You might think, then, that doing something about the employment situation would be a top policy priority. But now that total financial collapse has been averted, all the urgency seems to have vanished from policy discussion, replaced by a strange passivity. There’s a pervasive sense in Washington that nothing more can or should be done, that we should just wait for the economic recovery to trickle down to workers.
This is wrong and unacceptable.
Yes, the recession is probably over in a technical sense, but that doesn’t mean that full employment is just around the corner. Historically, financial crises have typically been followed not just by severe recessions but by anemic recoveries; it’s usually years before unemployment declines to anything like normal levels. And all indications are that the aftermath of the latest financial crisis is following the usual script. The Federal Reserve, for example, expects unemployment, currently 10.2 percent, to stay above 8 percent — a number that would have been considered disastrous not long ago — until sometime in 2012.
And the damage from sustained high unemployment will last much longer. The long-term unemployed can lose their skills, and even when the economy recovers they tend to have difficulty finding a job, because they’re regarded as poor risks by potential employers. Meanwhile, students who graduate into a poor labor market start their careers at a huge disadvantage — and pay a price in lower earnings for their whole working lives. Failure to act on unemployment isn’t just cruel, it’s short-sighted.
So it’s time for an emergency jobs program.
How is a jobs program different from a second stimulus? …
Interesting post by Paul Rosenberg, which begins:
This week, I’m going to be participating in a discussion of Authoritarianism and Polarization in American Politics at TPM Cafe. I previously highlighted the following chart from the book in a pair of diaries, "Health Care, Racism & The Authoritarian Divide-Part 1" and "Hissy Fits In Historical Context–Health Care, Racism & The Authoritarian Divide-Part 2":
That chart certainly caught my attention, in no uncertain terms.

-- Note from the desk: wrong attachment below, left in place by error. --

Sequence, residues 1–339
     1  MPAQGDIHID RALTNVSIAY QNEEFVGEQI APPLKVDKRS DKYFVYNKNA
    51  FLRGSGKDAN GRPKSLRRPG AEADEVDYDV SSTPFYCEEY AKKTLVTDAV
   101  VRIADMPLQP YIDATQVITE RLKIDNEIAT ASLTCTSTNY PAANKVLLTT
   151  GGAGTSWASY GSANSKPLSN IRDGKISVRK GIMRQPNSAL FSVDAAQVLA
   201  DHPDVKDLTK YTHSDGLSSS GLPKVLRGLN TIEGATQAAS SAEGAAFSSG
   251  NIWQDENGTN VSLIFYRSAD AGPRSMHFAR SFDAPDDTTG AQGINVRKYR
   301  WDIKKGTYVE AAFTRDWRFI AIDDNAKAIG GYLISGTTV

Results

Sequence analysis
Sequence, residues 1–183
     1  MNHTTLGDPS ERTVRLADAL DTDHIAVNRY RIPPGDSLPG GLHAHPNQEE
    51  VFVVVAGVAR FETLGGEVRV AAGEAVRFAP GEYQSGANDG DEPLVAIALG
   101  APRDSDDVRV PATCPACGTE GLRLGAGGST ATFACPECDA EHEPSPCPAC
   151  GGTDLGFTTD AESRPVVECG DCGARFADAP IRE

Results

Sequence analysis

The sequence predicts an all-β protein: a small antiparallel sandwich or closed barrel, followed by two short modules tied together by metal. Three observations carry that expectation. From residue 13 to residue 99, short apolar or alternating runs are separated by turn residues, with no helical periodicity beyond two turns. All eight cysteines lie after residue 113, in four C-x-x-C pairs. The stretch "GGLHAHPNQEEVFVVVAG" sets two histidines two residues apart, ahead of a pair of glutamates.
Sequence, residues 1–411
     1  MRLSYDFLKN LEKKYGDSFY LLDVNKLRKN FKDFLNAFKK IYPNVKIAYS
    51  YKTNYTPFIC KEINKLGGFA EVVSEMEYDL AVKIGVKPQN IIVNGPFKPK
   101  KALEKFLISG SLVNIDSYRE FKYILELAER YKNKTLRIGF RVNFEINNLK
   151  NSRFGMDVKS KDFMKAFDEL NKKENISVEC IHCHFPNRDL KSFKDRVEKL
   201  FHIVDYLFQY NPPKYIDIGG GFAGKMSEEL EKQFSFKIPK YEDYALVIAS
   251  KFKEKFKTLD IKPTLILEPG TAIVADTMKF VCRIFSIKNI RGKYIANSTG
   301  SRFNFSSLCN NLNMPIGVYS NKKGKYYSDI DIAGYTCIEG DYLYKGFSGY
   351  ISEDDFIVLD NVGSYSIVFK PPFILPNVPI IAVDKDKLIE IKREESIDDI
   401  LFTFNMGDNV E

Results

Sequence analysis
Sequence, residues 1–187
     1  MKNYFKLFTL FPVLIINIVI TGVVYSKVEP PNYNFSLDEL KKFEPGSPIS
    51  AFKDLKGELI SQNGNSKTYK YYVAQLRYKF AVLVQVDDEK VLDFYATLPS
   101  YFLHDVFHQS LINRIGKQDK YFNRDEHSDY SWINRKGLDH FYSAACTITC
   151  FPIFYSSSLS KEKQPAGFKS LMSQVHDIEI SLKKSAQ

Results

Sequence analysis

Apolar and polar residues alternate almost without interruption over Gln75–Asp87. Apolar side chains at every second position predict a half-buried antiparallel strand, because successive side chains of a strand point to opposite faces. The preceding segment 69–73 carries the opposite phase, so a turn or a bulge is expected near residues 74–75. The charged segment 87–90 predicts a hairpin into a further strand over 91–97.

In the book, the authors, Marc J. Hetherington and Jonathan D. Weiler, explain:
Of course, we do not argue that preferences for disciplining children are causally related to individuals’ vote choice. It is absurd to think that spanking children led people to vote Republican in 2004. Indeed, if favoring corporal punishment actually caused people to vote for the more conservative candidate, liberals never would have been elected president. It is only very recently that alternatives to spanking children have been widely employed. Instead, support for spanking likely emanates from a particular worldview which that has a range of ramifications, including political ones.
By worldview, we mean a set of connected beliefs animated by some fundamental, underlying value orientation that is itself, connected to a visceral sense of right and wrong. Politics cleaved by a worldview has the potential for fiery disagreements because considerations about the correct way to lead a good life lie in the balance. Specifically, we demonstrate that American public opinion is increasingly divided along a cleavage that things like parenting styles and "manliness" map onto. We will call that cleavage authoritarianism.
Although authoritarianism in general has long been associated with the right, the authors refine their definition and their argument to such an extent that they capture a distinct phenomena that’s noticeably different from the broader race- and gender-based culture wars first set in motion in the 60s. They focus on using the NES (National Election Study) four-item authoritarianism index introduced in 1992. It asks people to choose between desired pairs of attributes in children: